Daniel Watt
Daniel Watt, Lawyer, McInnes Cooper
Wylie Spicer
Wylie Spicer, Lawyer, McInnes Cooper
Elizabeth McIsaac
Elizabeth McIsaac, Lawyer, McInnes Cooper

As 2016 draws to a close, Oil & Gas Team @ McInnes Cooper offers its picks for the top three legal developments of 2016 that impacted the Atlantic Canada offshore oil & gas sector.


On February 26, 2016, the bulk of the offshore-related amendments of the Energy Safety and Security Act (ESSA, formerly known as Bill C-22) took effect. With an express purpose of “accountability in accordance with the ‘polluter pays’ principle,” ESSA significantly toughens the Atlantic Canada offshore and North oil & gas sector liability regime for environmental damage .

 Of most importance for many industry participants, ESSA increases the amount and range of potential liability for environmental damage. At-fault liability for damage from a spill or debris remains unlimited, but the no-fault, absolute liability limit is significantly increased from $30M to $1B in the Atlantic offshore areas.

ESSA also expands the types of damage for which operators can be liable and makes them vicariously liable for spills or debris their contractors caused; operators will need to closely review “knock-for-knock” provisions, where each party bears the cost of any damage/loss it suffers regardless of the other party’s fault, in typical offshore contracts. Heavier financial responsibility and resources requirements accompany this increase.  Applicants for drilling, development and production authorizations must now provide the offshore petroleum board with unfettered access to $100M or a greater amount the board determines, and prove they have financial resources to pay the increased absolute liability limits. These limits aren’t extraordinary in the global context and won’t likely deter major participants from exploration and development investment, but they’ll make it harder for smaller participants.

The enforcement powers of the offshore petroleum boards have also expanded. More – and tougher – sanctions are available, including powers to issue administrative monetary penalties and to “name and shame” offenders. Key defences are removed and corporate directors, officers and agents are now exposed to personal liability in certain circumstances. Courts have additional sentencing options for regulatory offences and must consider new “aggravating factors” when sentencing offenders – and can now bar an operator from the offshore by prohibiting it from applying for any further interest, license or authorization for any duration it sees fit.

ESSA also goes some way to transferring responsibility to conduct environmental assessments under the Canadian Environmental Assessment Act, 2012 (CEAA) to the boards. They now have authority to conduct the hearings necessary for these environmental assessments. However, regulations designating the offshore activities for which the boards will be responsible haven’t yet been enacted, so it remains to be seen whether the boards will assume responsibility for CEAA environmental assessments.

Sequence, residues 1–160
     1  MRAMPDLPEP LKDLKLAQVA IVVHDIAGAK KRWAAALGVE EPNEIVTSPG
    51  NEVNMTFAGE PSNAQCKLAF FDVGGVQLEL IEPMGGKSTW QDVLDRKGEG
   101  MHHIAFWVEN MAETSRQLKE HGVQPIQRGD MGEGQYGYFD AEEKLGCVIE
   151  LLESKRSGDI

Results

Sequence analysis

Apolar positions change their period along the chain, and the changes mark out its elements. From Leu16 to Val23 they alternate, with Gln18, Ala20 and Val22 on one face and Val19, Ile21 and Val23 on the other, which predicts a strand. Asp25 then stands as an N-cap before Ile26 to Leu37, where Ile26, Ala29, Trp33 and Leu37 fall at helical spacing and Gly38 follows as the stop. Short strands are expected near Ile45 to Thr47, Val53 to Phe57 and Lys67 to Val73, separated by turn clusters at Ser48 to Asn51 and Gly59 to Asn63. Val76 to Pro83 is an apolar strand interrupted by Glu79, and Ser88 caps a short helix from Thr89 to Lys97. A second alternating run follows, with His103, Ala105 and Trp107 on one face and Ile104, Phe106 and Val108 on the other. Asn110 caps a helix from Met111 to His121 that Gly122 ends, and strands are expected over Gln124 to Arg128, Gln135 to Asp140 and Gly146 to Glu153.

Importantly, ESSA also gives the offshore petroleum boards authority to disclose a broader range of previously “privileged” information. But ongoing litigation is creating uncertainty around some disclosure powers and since ESSA doesn’t clarify them, the courts will.


This balance is at the heart of the dispute in Geophysical Service Incorporated v. Encana Corporation. In April 2016, Alberta’s superior court decided just where the balance lies – at least until the appeals finish.

Geophysical Services Incorporated (GSI) obtained seismic data through offshore surveys in the Atlantic and Arctic and submitted it to the National Energy and offshore petroleum boards as a condition of regulatory approval and as required by legislation. After statutory confidentiality periods expired, the boards publicly released the data. GSI started lawsuits in Alberta, Nova Scotia, Newfoundland and Labrador and the Federal Court against the boards, exploration, production and other companies claiming (among other things) it owned copyright in the data and the defendants infringed it by disclosing or copying it without GSI’s consent.

The Court decided two issues common to 25 Alberta cases – whether seismic data can be copyrighted and the effect of the offshore regulatory regime on that copyright. The Court agreed seismic data can be copyrighted but the offshore regulatory regime overrides the copyright law. The regulatory regime balances operators’ interest in commercializing seismic data and the public’s interest in disseminating it by allowing disclosure after a period of confidentiality to stimulate exploration and development – even if that balance seems “unfair.” The Court has since decided a photocopy company isn’t liable for copying GSI data accessed from the National Energy Board.